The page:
The quickest way to an engaging blog post, web page, or any form of communication is to employ a literary pair of scissors. The more extra words you make your readers read, the less interested they are in your point. If you aren’t a writer by trade, it may be hard for you to spot some of your extra words, so we’ve assembled some of the top “extras” here. Protip: use the find function in Word to highlight these words and erase them if they can be snipped without making the sentence illegible.
If a word adds nothing to the sentence, cut it out. The resulting tightening up of your piece will be remarkable.
“That” is by far the most overused word in most blog posts. It should be replaced in some instances by “which”.
This word is my own personal literary bogeyman and I always check myself for it before publishing a post or sending anything off to a client. If you are presenting a list of ideas, “also” can get easily overused.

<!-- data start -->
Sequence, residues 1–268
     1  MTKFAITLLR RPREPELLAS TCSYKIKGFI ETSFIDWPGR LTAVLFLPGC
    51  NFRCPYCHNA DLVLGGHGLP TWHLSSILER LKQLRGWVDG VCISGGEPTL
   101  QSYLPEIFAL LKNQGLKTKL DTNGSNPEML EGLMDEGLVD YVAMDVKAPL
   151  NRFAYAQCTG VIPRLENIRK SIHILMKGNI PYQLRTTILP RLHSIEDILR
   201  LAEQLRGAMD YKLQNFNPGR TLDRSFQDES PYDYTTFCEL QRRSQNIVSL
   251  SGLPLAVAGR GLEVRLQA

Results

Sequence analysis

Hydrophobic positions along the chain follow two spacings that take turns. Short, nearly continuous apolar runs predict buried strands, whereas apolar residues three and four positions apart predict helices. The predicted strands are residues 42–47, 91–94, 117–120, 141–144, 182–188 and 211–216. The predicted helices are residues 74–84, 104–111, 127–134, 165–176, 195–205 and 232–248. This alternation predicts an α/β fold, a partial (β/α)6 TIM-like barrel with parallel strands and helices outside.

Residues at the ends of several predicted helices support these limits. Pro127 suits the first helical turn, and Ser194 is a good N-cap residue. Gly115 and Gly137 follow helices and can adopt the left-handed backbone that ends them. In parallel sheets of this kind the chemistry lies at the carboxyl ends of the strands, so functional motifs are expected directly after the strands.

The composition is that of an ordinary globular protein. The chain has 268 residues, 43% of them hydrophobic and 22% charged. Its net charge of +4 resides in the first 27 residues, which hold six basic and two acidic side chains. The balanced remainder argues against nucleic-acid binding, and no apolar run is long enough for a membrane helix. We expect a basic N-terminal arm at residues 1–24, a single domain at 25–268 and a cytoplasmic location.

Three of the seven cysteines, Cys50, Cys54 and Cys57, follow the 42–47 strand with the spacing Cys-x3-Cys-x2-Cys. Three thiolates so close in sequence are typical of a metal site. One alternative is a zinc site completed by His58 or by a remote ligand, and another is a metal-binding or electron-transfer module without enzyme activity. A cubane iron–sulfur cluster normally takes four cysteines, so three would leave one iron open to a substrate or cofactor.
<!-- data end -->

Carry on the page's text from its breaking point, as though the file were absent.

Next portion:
“It can then” or “we can then” can easily be cut down and have way more impact by cutting out the “then”. If you are using then in context, such as describing a sequence of events, it shouldn’t be cut out.
Honourable Mention: However, meanwhile
Both of these words are usually not needed. If you really need to link an opposing viewpoint to a preceding statement of fact, “however” is the best way to do it. “Meanwhile” refers specifically to an instance in time and isn’t applicable when trying to conjoin two ideas.
When you start editing your own work, you’ll discover your own personal bad habit words. Take special note of them and run a “Find” for them before passing on any particularly important document. If a document is very important, have a friend or co-worker look at it for you before you pass it on, post it, or publish it.